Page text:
A worsened situation with the U.S./China talks has brought back worries about demand for oil in case the trade war continues. WTI dropped 1.2% to $56.58 after a strong 1.9% gain a week earlier. Meanwhile, Brent lost 0.9%, and is trading at $61.97, after a 1.3% gain of last week.
In one of his more recent remarks, U.S. President Donald Trump claimed that China wanted to make a deal deal a lot more than than the U.S., raising doubts whether the two nations are actually close to a potential trade deal.
Oil got a short-term boost on Friday after Baker Hughes reported that the number of active drilling rigs in the U.S was falling for a third consecutive week. This gave a signal that there was a pause in drilling activity, which is usually bullish for commodity prices. However, Bloomberg reported that OPEC and partners were not likely to push for deeper production cuts when they meet in December, which could restrain bullish sentiment.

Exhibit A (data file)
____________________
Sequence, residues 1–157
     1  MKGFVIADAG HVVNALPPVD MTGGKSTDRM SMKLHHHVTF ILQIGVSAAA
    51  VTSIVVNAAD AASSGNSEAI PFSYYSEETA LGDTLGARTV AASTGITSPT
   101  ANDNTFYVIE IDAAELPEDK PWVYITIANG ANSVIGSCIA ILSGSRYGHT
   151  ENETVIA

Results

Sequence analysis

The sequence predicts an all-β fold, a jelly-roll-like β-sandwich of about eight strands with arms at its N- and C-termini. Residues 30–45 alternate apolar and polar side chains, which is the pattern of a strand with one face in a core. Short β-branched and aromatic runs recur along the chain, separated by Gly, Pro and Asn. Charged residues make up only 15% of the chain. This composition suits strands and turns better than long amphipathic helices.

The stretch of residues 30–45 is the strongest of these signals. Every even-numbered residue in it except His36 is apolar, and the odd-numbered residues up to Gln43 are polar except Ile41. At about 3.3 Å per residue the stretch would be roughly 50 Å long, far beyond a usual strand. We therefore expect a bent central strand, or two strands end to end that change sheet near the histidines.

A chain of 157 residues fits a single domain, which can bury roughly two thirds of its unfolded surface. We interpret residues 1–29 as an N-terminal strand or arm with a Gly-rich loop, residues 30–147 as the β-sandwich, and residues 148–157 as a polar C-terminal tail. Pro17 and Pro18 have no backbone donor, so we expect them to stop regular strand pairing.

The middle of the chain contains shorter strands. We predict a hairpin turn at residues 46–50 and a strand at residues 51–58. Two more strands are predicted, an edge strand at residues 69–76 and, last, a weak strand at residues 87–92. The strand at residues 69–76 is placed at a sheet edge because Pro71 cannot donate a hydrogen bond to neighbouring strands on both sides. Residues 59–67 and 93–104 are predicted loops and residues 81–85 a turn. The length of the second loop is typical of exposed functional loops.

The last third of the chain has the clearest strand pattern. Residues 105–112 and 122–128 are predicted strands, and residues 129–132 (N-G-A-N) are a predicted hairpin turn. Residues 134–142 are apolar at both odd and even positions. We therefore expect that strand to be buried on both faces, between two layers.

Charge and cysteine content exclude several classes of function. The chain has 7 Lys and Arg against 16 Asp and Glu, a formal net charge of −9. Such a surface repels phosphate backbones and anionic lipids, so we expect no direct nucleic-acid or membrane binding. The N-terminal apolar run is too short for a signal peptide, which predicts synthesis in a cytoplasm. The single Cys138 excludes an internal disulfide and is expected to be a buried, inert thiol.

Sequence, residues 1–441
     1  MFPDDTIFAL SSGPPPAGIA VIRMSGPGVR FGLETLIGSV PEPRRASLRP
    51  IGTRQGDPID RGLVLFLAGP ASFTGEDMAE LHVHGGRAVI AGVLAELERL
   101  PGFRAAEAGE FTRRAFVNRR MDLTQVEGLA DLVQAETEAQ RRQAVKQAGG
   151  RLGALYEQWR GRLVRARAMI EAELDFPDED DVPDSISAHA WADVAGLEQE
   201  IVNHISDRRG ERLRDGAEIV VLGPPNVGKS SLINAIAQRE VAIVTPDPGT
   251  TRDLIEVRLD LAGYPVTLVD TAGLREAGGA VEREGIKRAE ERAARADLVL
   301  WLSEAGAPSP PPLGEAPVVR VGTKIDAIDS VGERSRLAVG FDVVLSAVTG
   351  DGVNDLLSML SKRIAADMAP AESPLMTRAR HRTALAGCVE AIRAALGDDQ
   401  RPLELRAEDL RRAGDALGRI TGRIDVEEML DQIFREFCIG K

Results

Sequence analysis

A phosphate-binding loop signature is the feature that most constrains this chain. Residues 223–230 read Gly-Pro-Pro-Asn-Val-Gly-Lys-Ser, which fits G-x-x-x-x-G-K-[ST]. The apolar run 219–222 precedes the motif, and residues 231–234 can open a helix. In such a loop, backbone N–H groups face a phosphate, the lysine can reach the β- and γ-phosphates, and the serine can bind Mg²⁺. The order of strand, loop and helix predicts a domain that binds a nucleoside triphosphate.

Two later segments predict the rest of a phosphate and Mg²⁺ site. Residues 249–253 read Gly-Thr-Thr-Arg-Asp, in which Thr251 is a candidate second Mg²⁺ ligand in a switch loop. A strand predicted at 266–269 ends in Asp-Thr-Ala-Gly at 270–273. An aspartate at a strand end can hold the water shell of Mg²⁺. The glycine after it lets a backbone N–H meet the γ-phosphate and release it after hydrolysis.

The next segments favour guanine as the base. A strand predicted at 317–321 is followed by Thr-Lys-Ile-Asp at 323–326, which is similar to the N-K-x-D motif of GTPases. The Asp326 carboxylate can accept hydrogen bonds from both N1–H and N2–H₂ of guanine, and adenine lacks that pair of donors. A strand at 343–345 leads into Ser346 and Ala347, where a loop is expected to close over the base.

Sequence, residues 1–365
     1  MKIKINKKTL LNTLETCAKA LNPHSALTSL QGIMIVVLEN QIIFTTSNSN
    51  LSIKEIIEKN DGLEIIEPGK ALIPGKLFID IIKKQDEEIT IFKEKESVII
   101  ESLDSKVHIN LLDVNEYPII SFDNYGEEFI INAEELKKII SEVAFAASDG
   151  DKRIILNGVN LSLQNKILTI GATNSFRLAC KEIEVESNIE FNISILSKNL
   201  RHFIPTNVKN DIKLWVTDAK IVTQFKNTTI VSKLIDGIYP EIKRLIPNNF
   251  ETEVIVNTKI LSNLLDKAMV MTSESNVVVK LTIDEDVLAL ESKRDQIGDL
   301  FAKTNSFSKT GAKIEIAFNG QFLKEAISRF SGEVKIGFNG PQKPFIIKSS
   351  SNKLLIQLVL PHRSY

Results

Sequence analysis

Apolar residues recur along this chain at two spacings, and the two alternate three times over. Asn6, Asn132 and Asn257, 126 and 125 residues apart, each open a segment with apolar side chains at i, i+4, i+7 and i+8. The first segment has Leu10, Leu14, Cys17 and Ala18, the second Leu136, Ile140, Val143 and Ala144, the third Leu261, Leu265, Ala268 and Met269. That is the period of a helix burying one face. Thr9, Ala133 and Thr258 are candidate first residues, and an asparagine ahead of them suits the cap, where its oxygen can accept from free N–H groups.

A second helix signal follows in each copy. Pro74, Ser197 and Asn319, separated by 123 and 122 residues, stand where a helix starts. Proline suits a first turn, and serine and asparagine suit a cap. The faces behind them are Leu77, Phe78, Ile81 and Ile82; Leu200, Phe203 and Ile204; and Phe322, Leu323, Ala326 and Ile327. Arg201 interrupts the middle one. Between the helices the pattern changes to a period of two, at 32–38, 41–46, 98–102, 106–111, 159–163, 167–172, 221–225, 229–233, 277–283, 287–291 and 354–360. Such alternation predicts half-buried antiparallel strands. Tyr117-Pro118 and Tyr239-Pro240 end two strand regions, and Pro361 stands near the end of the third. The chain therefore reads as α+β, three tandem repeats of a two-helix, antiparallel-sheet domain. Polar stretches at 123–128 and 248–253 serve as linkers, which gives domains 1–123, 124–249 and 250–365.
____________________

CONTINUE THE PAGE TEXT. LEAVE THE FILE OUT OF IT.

Equities lack high conviction
European stocks as well as their U.S. counterparts are sagging on Monday on the lack of progress in trade talk between U.S. and China, especially after President Trump said media reports about agreements for tariff rollbacks were inaccurate, thus dispelling the upbeat momentum that has recently propelled stocks to all-time highs.
The UK released the worse than expected data on Q3 GDP. The economy has expended by 1% yoy, which is the worst reading in more than nine years. Moody’s on Friday cautioned that it could downgrade the UK’s credit rating on lack of progress in political talks and concerns about the country’s spending plans.